Centennial Museum gecko logo

Desert Diary
Physics/Falling Moon


Remember Chicken Little? "The sky is falling, the sky is falling!" Well, being a birdbrain, she didn't get it quite right. It's really the moon that's falling! Outrageous claim? Nope. Sir Isaac Newton realized this way back in the 17th century.

Let's think a bit. Drop an object from 16 feet up, and it will hit the ground in 1 second. Now throw that object horizontally from the same height—it too will take 1 second to reach ground, even though it may land 10 feet away. Its pathway is an arc formed by a combination of falling downward 16 feet and traveling horizontally 10 feet. If you throw the object many miles, though, it has to fall more than 16 feet, because the earth's surface curves away. Throw it hard enough, and the surface curves away at the same rate that the object falls, and the object never reaches ground.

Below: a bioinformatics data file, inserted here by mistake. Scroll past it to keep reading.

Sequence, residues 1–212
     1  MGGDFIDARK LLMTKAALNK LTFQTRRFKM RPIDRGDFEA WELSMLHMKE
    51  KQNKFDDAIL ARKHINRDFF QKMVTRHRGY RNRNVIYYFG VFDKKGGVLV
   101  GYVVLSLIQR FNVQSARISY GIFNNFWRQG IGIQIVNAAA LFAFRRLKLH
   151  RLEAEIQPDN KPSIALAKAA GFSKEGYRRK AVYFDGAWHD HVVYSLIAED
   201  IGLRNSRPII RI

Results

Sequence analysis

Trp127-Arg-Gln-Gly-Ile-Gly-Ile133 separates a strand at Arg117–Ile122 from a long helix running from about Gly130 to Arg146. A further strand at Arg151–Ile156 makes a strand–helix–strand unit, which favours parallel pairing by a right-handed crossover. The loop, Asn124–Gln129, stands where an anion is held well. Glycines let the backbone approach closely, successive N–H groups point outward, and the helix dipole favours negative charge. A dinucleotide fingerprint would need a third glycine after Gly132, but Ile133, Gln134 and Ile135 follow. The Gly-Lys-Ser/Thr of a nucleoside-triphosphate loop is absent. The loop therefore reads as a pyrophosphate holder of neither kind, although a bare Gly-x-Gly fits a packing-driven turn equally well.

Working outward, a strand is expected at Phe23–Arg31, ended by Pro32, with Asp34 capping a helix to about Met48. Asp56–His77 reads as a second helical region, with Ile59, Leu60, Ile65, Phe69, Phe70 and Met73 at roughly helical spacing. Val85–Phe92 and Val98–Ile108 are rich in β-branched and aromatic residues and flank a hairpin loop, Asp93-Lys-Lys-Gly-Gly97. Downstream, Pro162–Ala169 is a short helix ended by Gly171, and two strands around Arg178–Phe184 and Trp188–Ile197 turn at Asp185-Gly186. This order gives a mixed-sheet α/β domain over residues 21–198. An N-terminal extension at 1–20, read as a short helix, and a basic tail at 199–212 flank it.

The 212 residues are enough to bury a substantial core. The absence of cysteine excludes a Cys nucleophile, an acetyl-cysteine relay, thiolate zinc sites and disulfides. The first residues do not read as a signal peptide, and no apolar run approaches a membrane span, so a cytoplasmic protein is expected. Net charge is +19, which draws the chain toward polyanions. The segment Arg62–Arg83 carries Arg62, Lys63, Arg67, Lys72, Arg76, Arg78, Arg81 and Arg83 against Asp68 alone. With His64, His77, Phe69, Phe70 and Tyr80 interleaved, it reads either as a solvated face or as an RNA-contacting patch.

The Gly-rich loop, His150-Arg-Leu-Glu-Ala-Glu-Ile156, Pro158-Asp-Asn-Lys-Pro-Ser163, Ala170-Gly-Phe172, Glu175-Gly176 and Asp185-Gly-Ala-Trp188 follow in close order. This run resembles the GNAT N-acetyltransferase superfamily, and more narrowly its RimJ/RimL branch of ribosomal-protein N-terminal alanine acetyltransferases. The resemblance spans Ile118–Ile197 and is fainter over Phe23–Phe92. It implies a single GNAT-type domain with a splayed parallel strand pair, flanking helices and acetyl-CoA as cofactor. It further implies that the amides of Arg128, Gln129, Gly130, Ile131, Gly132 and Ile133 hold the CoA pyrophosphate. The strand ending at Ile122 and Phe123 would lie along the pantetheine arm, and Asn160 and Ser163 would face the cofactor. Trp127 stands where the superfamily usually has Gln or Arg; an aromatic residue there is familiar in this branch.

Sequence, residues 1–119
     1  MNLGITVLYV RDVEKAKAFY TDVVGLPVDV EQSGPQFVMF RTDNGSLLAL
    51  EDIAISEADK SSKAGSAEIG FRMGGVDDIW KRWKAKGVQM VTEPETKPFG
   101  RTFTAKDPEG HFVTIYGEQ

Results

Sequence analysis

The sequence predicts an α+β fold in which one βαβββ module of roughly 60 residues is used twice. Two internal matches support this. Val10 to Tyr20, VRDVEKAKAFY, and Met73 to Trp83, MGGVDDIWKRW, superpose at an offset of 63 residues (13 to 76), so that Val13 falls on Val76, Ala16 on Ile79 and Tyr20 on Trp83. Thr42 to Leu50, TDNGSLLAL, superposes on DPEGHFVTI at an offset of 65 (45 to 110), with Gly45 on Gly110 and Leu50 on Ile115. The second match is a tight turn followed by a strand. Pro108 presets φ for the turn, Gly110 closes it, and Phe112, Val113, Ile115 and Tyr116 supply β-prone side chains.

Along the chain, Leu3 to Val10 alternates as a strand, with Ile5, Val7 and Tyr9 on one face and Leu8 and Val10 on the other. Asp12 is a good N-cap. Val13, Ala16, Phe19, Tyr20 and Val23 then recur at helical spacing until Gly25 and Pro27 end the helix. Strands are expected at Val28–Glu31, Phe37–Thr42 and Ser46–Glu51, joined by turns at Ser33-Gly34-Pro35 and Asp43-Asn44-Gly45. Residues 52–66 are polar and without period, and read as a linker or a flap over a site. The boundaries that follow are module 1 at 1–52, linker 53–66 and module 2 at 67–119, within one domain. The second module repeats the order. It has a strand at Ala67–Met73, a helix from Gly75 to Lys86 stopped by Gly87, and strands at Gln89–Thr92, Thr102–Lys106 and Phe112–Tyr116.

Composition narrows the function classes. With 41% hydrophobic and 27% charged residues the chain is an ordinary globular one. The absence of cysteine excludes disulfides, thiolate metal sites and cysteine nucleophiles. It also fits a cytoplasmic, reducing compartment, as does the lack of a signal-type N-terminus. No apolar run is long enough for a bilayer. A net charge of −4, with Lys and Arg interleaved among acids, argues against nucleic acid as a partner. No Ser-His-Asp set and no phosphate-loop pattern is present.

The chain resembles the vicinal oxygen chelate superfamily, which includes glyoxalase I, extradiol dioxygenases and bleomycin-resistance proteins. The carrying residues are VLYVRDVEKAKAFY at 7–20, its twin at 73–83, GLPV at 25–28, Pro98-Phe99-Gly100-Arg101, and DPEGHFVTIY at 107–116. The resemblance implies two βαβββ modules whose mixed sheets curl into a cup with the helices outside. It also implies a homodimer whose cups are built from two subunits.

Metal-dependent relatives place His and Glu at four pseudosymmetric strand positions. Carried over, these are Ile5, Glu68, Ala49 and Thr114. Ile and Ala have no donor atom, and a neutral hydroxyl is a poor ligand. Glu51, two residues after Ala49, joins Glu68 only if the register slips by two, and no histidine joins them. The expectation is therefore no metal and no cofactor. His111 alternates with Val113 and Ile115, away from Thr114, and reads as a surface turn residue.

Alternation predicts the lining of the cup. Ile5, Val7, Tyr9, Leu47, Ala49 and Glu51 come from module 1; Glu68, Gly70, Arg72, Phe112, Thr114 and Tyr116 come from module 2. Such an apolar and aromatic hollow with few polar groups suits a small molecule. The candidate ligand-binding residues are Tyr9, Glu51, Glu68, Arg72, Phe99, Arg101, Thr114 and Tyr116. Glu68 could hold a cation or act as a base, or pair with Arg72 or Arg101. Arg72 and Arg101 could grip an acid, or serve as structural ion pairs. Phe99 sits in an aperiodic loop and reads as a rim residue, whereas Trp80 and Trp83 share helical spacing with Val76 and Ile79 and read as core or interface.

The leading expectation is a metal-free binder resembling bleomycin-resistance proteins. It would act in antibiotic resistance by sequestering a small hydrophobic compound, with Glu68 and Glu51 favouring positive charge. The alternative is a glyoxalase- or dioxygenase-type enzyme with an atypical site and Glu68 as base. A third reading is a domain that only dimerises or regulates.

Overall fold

And this is exactly what the moon does—its combination of horizontal speed and falling speed balance out so it's literally falling AROUND the earth.
pen and ink


Contributor: Arthur H. Harris, Laboratory for Environmental Biology, Centennial Museum, University of Texas at El Paso.

Desert Diary is a joint production of the Centennial Museum and KTEP National Public Radio at the University of Texas at El Paso.

Moon Image

The moon. Image by NASA.



Web Resources

Newton and the Moon.

The Earth/Moon system as seen from space—the Voyager photograph.